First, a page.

After the fantastic season three finale, the fourth season of Mad Men returned in similar fashion. A lot happened since we left and a lot happened in this one hour of television. We see the new Sterling Cooper Draper Price working out of a make-shift office building, the new Draper family situation is explored for the first time, and Donald himself learns a new way to sell both himself and the agency.
It opens with Don getting interviewed and giving nothing to the reporter. By not painting a pretty picture of himself, he painted a dull and unsettling one, which led to an extremely unflattering article.
Roger and Pete then meet Don and the three of them go right to a meeting with Jansen in the same restaurant Don was holding his interview. Not the way Sterling Cooper used to run things, but that's what you have to do when your agency has no conference table.
The boys make their way back to the new digs; a scrapped together new office building made up of one whole entire floor. Don has yet another meeting; this time with his lawyer about the divorce with Betty. Don disregards his lawyer's notion that he should get Betty out of his house so that he can sell it.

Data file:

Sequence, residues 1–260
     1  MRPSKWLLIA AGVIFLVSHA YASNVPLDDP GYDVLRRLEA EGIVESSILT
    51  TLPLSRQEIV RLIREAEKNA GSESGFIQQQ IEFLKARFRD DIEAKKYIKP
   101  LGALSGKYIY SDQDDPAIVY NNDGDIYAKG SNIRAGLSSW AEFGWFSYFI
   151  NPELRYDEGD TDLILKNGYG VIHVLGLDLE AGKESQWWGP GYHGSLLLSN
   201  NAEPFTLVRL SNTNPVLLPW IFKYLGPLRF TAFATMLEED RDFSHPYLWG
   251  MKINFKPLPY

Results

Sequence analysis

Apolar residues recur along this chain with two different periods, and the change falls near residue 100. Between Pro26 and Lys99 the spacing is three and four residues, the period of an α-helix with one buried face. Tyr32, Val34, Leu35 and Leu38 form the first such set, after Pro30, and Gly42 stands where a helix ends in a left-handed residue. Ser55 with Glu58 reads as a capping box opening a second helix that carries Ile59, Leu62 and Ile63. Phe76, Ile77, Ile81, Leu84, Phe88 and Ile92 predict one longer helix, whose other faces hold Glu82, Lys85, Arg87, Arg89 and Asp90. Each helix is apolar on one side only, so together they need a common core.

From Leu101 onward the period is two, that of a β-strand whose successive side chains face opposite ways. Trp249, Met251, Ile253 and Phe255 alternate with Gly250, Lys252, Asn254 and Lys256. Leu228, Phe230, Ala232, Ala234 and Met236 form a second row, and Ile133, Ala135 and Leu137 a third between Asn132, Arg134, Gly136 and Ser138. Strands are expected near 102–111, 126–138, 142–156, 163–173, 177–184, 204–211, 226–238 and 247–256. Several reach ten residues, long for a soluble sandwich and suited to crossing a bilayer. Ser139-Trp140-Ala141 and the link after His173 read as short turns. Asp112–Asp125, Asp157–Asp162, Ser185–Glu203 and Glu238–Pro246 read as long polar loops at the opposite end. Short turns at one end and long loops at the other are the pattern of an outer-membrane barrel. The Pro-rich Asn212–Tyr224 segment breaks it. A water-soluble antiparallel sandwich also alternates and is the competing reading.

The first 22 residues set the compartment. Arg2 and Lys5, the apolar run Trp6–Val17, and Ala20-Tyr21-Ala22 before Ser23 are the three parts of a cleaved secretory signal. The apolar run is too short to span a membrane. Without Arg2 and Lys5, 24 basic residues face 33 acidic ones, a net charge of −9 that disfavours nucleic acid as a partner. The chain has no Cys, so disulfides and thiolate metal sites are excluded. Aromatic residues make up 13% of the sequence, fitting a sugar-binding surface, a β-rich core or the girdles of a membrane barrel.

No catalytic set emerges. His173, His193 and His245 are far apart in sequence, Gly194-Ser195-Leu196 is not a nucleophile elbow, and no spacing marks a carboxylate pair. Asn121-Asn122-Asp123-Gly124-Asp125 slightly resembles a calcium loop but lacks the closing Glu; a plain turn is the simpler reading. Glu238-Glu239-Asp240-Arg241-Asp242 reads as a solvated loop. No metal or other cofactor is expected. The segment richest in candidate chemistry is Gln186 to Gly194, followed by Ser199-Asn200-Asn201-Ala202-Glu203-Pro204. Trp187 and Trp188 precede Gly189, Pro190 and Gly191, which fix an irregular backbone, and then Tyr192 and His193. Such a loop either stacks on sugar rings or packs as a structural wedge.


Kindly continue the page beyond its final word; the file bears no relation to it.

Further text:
After Roger sets up Don on a blind date we get a taste of the new life Don has as a divorced man. Shining his shoes while watching tv. Making his own bed. This is his new life.
So Don hits it off with Jane's 25 year old friend. That is until, as Roger put it, Don gets "a little grabby in the car." So then Don takes care of his primal needs by boosting the economy.
Don's terrible interview skills cause more problems as SCDP soon loses the Jai Lai account, because he failed to mention them in his article (a job for the reporter Don adds).
Pete and Peggy come up with an idea to increase the SugarBerry Ham budget. The fight between two actresses that they set up ended in one woman charging the other with assault and Don having to give Peggy money to bail them out. Something that may have been the last straw for Don.
The premier ends with Don going on a rampage of swagger as he lays down the law with Betty on moving out of the house, boots the Jansen people out of his office, and then pulls out all the stops for his second interview with the Wall Street Journal.